Friday, 21 January 2011

The reed that bends with the wind

How many will suffer the nightmare of mortgage arrears this year?
Mortgage lenders are saying today that they don't expect a serious increase in borrowers falling behind.
The latest forecast from the Council of Mortgage Lenders (CML) predicts that 180,000 people will go into arrears during 2011, which would be a rise of 5,000 compared with last year.
That would be a modest tick upwards, given the pressure on household budgets from jumps in the cost of food, petrol, heating and VAT, plus the danger of job losses.
The figure covers borrowers with arrears of 2.5% or more of their outstanding mortgage loans. Compare that with the peak back in 1992 of 352,000 borrowers who were more than 6 months behind on their payments and you can see that the arrears problem is surprisingly small, under the circumstances.
But how long can this last? 2011 is the crunch year, after all, when we start paying for the financial crisis through job cuts, budget cuts and, eventually, interest rate rises.
The reed has been bending with the financial wind so far, but could it be about to break?
The CML bases its confidence on the fact that that interest rate rises this year are likely to be modest, so the impact on families struggling with their mortgages may be minimal.
Also, it points to some interesting research it commissioned last year which depicts British households as far more resilient in the face of financial stress than many would assume.
Consumers are flexible in their budgeting, according to the CML, and they tend to prioritise mortgage payments over other bills. And, of course, they cut back on unnecessary shopping first.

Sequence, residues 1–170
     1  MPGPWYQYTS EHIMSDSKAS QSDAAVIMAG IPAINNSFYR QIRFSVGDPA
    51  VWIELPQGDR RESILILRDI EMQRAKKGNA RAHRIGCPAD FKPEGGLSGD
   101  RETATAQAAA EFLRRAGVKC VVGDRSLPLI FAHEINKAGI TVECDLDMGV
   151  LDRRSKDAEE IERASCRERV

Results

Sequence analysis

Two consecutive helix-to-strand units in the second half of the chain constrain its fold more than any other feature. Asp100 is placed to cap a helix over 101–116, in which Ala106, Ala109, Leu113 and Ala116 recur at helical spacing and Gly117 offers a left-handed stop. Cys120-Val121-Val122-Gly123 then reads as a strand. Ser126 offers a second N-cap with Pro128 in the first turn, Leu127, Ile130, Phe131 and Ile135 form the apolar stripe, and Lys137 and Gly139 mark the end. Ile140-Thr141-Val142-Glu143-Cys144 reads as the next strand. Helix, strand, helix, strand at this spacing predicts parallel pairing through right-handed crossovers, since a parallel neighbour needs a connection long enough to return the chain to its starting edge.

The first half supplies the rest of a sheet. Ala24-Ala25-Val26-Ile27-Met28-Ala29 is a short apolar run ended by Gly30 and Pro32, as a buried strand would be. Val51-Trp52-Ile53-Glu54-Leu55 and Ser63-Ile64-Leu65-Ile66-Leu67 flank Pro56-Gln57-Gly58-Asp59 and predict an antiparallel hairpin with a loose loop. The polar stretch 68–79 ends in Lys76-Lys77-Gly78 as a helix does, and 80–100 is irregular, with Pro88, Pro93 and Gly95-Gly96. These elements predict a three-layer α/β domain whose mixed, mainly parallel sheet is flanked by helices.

Of the 5% of borrowers who feel under the greatest financial pressure, only half have actually missed a mortgage payment, and many of those have managed to negotiate new terms with their lenders.
But things have moved on, even since lenders penned their latest forecast in December. Prices have moved higher. The financial stress has increased and anxiety has grown.
It wouldn't be hard to make a case that households could find themselves in a much more precarious position during the year than the CML has been saying.
Job losses and reduced incomes are the main fears that families face. Then there is the possibility at least that the Bank of England will move more quickly to raise its base rate.
The housing charity, Shelter, is much more concerned about the outlook this year. It talks about thousands more struggling households being pushed over the edge.
Falling into arrears is a harrowing experience for a family. You come under pressure not just from the mortgage company, but from other lenders as well.
Then there is the danger of repossession.
Let's hope the CML is right.

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